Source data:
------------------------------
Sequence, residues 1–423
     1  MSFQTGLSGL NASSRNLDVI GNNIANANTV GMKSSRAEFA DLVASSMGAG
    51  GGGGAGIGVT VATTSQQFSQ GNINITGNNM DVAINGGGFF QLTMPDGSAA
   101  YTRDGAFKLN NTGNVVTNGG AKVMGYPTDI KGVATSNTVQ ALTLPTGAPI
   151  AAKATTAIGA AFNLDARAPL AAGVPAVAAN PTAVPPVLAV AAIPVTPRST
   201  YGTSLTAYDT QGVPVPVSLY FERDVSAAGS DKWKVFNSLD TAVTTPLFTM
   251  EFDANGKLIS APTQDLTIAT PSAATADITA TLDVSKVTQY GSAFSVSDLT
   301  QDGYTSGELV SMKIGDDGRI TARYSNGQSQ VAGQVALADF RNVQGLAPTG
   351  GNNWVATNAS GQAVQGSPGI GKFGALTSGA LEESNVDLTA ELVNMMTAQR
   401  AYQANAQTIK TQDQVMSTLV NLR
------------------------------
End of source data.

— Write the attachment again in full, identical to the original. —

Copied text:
Sequence, residues 1–423
     1  MSFQTGLSGL NASSRNLDVI GNNIANANTV GMKSSRAEFA DLVASSMGAG
    51  GGGGAGIGVT VATTSQQFSQ GNINITGNNM DVAINGGGFF QLTMPDGSAA
   101  YTRDGAFKLN NTGNVVTNGG AKVMGYPTDI KGVATSNTVQ ALTLPTGAPI
   151  AAKATTAIGA AFNLDARAPL AAGVPAVAAN PTAVPPVLAV AAIPVTPRST
   201  YGTSLTAYDT QGVPVPVSLY FERDVSAAGS DKWKVFNSLD TAVTTPLFTM
   251  EFDANGKLIS APTQDLTIAT PSAATADITA TLDVSKVTQY GSAFSVSDLT
   301  QDGYTSGELV SMKIGDDGRI TARYSNGQSQ VAGQVALADF RNVQGLAPTG
   351  GNNWVATNAS GQAVQGSPGI GKFGALTSGA LEESNVDLTA ELVNMMTAQR
   401  AYQANAQTIK TQDQVMSTLV NLR